The suspect in anon Judaism's holiest day had around nearly nine pounds of explosives in his car and wanted to carry out a massacre, Germany's top prosecutor said. Many questions remain about how the man was able to obtain the weapons he used in the assault. Two people outside the building were killed.
As officials sought to reassure an unsettled Jewish community and address concerns about rising right-wing extremism, Germany's president visited the scene of the attack in Halle and urged his nation to stand up for their Jewish compatriots.
The assailant — a German citizen identified by prosecutors only as Stephan B., but identified in local media reports as Stephan Balliet, 27 — tried but failed to force his way into the synagogue as around 80 people attended services inside. He then shot and killed a woman in the street outside and a man at a nearby kebab shop. He is now in custody.
"What we experienced yesterday was terror," said Peter Frank, the chief federal prosecutor. "The suspect, Stephan B., aimed to carry out a massacre in the synagogue in Halle."
Frank said his weapons were "apparently homemade" and the explosives in the car were built into "numerous devices." The suspect livestreamed the attack on popular gaming site Twitch, where he identified himself as a Holocaust denier ranted in English about Jews, and also posted a "manifesto" online before embarking on the rampage. He "wanted to create a worldwide effect" and encourage others to imitate him, the prosecutor added.
Twitch said in a statement Wednesday that it "worked with urgency" to remove the 35-minute video, which it said was online for about a half an hour before it was flagged and removed. Downloaded versions of the video were also circulated among online far-right groups, according to the SITE Intelligence Group, a U.S.-based company that tracks the online activity of white supremacist and jihadist groups.
Twitch said it has taken steps to help prevent proliferation of the video.
"Twitch has a zero-tolerance policy against hateful conduct, and any act of violence is taken extremely seriously," the company said in a statement obtained by CBS News. "We worked with urgency to remove this content and will permanently suspend any accounts found to be posting or reposting content of this abhorrent act."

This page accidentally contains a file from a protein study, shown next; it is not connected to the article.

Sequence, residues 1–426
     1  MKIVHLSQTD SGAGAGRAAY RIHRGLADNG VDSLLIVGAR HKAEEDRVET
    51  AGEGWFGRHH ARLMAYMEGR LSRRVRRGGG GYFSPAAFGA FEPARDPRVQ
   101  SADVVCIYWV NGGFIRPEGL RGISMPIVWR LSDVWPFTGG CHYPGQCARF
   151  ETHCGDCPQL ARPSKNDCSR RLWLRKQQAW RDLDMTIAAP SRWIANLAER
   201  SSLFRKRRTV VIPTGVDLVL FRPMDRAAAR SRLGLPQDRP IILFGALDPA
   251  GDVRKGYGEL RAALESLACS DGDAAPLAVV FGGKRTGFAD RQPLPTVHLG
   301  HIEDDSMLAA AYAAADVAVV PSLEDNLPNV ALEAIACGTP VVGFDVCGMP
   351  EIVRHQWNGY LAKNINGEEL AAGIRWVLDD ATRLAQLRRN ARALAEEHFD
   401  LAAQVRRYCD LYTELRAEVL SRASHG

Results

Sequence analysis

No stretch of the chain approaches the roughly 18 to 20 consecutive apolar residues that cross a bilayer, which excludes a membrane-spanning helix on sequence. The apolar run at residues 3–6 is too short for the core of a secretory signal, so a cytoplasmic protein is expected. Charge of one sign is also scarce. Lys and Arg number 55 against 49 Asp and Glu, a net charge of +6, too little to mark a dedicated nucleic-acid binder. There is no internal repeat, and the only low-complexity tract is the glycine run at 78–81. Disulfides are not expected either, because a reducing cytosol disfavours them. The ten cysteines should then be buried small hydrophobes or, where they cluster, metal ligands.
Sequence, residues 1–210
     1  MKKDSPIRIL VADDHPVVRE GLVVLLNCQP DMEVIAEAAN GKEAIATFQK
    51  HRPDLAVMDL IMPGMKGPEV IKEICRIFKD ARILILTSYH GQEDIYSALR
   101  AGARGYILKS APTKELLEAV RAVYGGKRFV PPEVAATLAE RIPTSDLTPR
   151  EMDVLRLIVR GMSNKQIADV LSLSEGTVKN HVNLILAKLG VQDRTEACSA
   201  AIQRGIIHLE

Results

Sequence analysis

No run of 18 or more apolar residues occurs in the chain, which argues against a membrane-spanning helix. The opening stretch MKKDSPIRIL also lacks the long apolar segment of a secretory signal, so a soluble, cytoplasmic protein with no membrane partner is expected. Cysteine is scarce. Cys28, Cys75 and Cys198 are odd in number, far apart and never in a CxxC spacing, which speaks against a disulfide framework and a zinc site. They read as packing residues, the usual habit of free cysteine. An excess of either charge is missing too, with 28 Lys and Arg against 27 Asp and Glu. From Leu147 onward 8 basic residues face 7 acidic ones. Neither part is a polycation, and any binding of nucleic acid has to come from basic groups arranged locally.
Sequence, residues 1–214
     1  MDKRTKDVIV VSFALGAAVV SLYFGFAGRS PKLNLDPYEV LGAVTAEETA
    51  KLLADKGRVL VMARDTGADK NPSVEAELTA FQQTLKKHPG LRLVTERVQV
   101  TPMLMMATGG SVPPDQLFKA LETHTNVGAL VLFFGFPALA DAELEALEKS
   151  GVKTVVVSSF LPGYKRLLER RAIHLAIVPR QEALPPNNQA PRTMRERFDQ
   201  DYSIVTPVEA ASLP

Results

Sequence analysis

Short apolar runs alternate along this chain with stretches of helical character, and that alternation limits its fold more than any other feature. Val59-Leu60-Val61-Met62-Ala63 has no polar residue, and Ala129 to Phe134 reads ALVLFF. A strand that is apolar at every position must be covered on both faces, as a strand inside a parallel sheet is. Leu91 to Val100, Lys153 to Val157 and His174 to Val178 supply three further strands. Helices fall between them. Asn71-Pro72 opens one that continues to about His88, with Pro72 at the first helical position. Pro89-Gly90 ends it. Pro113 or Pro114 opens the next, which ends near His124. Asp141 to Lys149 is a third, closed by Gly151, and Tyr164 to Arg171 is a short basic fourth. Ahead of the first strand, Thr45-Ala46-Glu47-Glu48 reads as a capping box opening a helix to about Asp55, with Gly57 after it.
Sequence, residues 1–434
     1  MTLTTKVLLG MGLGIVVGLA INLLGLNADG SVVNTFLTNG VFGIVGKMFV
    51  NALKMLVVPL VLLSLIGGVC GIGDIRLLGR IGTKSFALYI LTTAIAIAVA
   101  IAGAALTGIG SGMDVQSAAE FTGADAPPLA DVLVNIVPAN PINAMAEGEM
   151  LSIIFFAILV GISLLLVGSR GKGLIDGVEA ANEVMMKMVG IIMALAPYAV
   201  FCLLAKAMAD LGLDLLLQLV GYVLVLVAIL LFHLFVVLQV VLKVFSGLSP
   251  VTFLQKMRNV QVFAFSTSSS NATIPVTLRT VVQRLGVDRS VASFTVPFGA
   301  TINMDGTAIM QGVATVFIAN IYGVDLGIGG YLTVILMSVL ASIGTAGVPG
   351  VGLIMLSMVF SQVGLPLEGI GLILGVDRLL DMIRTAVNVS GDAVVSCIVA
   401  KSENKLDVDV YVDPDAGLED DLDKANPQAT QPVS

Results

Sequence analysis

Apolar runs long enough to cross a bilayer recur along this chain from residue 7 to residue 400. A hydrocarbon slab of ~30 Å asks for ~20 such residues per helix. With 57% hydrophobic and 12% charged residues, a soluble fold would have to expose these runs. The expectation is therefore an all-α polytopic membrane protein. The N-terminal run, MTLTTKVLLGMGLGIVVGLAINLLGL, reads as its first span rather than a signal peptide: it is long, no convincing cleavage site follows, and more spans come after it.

The filming of Wednesday's attack echoed another horrific shooting halfway around the world when a far-right white supremacist in March killed 51 people at two mosques in Christchurch, New Zealand and livestreamed . That massacre drew strong criticism of social media giants for not immediately finding and blocking such a horrific video.
Germany's federal prosecutors said Thursday that they would ask the investigating judge at the Federal Court of Justice to issue an arrest warrant against the suspect, Reuters reports. The gunman is suspected of two counts of murder, nine counts of attempted murder, and other offenses, Frank said. His apartment was searched and investigators were sifting evidence, but "we face a lot of questions," Frank added.
Those questions include how the suspect was radicalized, how he decided to carry out the attack, how he got ahold of the material to build weapons and explosives, whether he had supporters, and whether anyone else encouraged him or knew about his plan, Frank said. Prosecutors will have to sift through his communications and his activities on the, a part of the internet hidden from public view.
Officials didn't give details of the victims, who were killed outside the synagogue and in a nearby kebab shop.
The head of Germany's Jewish community, Josef Schuster, called the absence of police guards outside the synagogue on Yom Kippur "scandalous" as members of the congregation described waiting behind locked doors for the police to arrive, which took more than 10 minutes.
The head of the city's Jewish community, Max Privorozki, was among those inside who watched the man trying to break in on monitors linked to a surveillance camera.
"We saw everything, also how he shot and how he killed someone," he said, standing outside the damaged door. "I thought this door wouldn't hold."
Privorozki said it took a little while for worshippers to understand what was going on.
"That was a shock for us. It was Yom Kippur, all phones were switched off. We had to understand what was going on first — then switch on my phone and then call the police," he said. "It was really panic. But I have to say after that, when the police came, we continued with the worship service, that lasted another three hours, the synagogue worship service."
The worshippers were brought out on buses several hours later. A video posted by a reporter for Israeli public broadcaster Kan showed people on a bus dancing, embracing and singing.
Ten Americans were inside the synagogue at the time of the attack, and all were safe and unharmed, U.S. Ambassador to Germany Richard Grenell said on Twitter. Rebecca Blady, who moved from New York to Berlin earlier this year, was one of the Americans inside. She told CBS News' Roxana Saberi it was "terrifying," but said it was "spiritually, also, a very deep experience."
When asked whether it deepened her faith, she replied: "I have to say yes. I mean, I'm here."
Synagogues are often protected by police in Germany and have been for many years amid concerns over far-right and Islamic extremism. There has beenabout both anti-Semitism and right-wing extremism in the country.
Germany's domestic intelligence agency says the number of anti-Semitic acts of violence rose to 48 last year from 21 the previous year. It also said the number of known far-right extremists rose to 24,100 people last year, with more than half of them considered potentially violent.